Earlier this year Bob Stanley and Pete Wiggs released a compilation about the weather. In it the Saint Etienne bandmates celebrated “the autumnal sound of Britain at the turn of the 1970s, looking on through wet window panes” via carefully chosen songs such as John Cale’s Big White Cloud and The Parlour Band’s Early Morning Eyes.
Fast forward a season or two, and those window panes are flung wide open to let the summer sunshine in. The reason for this is Home Counties, Saint Etienne’s ninth album, one of their very sunniest to date. A concept piece about southern English suburbia, with its quirks and pitfalls, the album blends fully fledged songs with field recordings and snippets of radio broadcasts. We hear travel updates, football scores and unusual statistics around the familiar, comforting tones of Sarah Cracknell.
The scene is a cosy one, but the songs elevate Home Counties above mere whimsy. The album’s calling card Magpie Eyes makes this abundantly clear early on, laden with the possibility of romance, as does After Hebden, where Cracknell implores that we “turn the news off… I feel old”. It is a concession to the state of the world outside the windows of this sweet Arcadia, bringing a necessary, grounded view.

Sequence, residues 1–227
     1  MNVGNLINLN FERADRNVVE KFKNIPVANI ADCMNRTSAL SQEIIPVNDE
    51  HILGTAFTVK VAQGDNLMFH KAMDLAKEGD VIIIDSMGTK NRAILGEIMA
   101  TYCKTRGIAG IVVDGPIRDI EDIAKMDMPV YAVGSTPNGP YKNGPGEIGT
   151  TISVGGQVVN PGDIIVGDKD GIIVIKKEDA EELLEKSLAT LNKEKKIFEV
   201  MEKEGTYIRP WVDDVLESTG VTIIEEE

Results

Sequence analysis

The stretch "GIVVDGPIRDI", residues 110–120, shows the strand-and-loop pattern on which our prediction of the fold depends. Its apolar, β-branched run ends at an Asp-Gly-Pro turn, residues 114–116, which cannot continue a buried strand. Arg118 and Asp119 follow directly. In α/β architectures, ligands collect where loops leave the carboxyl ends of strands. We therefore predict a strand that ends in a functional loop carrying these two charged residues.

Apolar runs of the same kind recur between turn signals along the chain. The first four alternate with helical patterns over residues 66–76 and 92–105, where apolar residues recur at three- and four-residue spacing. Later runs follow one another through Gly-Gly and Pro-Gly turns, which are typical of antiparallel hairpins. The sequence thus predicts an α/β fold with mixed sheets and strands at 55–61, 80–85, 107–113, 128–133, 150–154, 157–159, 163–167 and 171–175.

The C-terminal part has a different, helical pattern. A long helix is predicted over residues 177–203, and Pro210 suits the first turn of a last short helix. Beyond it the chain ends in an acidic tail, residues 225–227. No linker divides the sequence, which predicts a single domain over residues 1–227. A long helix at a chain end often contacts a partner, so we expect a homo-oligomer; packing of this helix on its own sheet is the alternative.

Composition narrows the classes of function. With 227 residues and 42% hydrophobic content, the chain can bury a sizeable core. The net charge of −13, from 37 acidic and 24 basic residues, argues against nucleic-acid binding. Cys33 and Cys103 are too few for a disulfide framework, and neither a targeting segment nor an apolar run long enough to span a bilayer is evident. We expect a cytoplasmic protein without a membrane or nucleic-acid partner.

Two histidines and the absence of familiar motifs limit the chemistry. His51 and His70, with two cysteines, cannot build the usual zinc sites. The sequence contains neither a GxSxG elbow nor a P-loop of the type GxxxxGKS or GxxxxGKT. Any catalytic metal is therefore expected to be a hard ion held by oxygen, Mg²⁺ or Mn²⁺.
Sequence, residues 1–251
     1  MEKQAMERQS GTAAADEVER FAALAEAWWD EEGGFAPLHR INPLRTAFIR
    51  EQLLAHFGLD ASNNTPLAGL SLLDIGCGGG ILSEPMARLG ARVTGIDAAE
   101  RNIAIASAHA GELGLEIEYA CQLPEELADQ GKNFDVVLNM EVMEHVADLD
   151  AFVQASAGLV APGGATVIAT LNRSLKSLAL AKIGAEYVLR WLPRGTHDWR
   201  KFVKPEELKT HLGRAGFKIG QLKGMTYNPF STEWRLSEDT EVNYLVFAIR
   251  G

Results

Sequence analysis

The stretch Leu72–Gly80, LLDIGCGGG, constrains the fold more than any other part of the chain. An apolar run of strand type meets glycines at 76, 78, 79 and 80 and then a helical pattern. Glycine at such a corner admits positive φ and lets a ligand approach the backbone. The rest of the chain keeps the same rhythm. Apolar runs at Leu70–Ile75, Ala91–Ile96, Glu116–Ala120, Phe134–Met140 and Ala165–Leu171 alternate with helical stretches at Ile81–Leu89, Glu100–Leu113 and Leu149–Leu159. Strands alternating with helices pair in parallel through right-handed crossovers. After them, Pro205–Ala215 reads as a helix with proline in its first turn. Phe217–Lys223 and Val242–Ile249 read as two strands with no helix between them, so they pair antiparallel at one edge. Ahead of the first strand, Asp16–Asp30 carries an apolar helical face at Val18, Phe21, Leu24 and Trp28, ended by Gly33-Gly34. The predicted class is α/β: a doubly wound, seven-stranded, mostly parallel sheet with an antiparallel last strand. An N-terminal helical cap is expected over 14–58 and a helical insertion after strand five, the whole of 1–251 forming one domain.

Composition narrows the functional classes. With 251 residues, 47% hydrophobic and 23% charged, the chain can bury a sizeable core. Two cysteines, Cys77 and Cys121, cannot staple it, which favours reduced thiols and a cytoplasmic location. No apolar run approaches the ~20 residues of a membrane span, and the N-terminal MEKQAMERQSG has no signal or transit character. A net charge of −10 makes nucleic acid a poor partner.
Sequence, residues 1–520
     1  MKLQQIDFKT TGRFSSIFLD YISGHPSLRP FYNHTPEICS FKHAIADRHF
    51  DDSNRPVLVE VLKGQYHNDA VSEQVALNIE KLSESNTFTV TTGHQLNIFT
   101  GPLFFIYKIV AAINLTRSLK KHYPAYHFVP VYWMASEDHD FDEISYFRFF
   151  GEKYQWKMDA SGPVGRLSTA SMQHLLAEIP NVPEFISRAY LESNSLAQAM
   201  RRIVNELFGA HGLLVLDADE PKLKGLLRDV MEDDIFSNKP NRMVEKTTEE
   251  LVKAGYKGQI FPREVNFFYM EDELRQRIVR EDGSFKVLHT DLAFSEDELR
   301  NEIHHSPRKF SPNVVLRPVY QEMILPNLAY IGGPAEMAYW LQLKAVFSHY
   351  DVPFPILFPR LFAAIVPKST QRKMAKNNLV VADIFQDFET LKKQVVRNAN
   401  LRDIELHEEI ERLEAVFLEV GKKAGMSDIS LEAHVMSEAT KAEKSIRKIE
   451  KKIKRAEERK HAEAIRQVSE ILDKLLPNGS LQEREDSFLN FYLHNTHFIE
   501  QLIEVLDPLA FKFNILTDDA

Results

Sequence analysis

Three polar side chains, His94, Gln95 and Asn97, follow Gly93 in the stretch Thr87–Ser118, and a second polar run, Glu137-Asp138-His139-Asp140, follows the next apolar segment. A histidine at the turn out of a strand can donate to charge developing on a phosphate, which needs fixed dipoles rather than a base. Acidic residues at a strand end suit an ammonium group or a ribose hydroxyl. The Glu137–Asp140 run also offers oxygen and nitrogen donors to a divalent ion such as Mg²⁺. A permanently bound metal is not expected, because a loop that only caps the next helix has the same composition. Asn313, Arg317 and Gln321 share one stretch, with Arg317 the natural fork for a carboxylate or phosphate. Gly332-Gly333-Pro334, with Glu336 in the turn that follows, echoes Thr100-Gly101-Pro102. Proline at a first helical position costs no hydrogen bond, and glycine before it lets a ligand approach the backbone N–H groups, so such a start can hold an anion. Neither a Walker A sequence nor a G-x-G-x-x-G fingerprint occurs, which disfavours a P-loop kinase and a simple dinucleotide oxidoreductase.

Musically the net is cast far and wide. Pure pop abounds, the electronic additions of the softly brushed variety rather than outright power productions. Heather is a notable exception, with its weirdly stilted beats. Dive is an absolute winner, a piece of pure summer sunshine that is less Home Counties, more Caribbean holiday. The flip side is the brief but purely English reserve of Church Pew Furniture Restorer. Here the trio bring in children’s voices and oboe, creating a plaintive atmosphere that, while verging on twee, still brings a tear to the eye.
The radio intermissions- especially the sonorous tones of Ken Bruce – provide warm solace, and after Heather we enjoy a pleasant amble to consider the state of the railways. “The buffet will be blasting Whitesnake, Fool For Your Lovin’ no more,” sighs Cracknell. A far cry from Southern Rail train strikes.
Only this and Sweet Arcadia leave a cloying aftertaste. It is reasonable to assume Saint Etienne would celebrate Britain explicitly, but this is one extended jam too far and feels like a work of fantasy rather than fiction, Cracknell warmly intoning the names of key landmarks. Thankfully the preceding What Kind Of World puts it in context with the sentiments “let’s find another country, let’s find a better one,” while the low piano rumblings of Breakneck Hill also explore a darker side.
It is small beer though, for Home Counties is Saint Etienne at their very best, blending breezy observations and harmonies with a deep seated emotion, centred around the need for a place to call home. In these uncertain times, a blast of hot sunshine and a listen to this record certainly make the world a better place to be.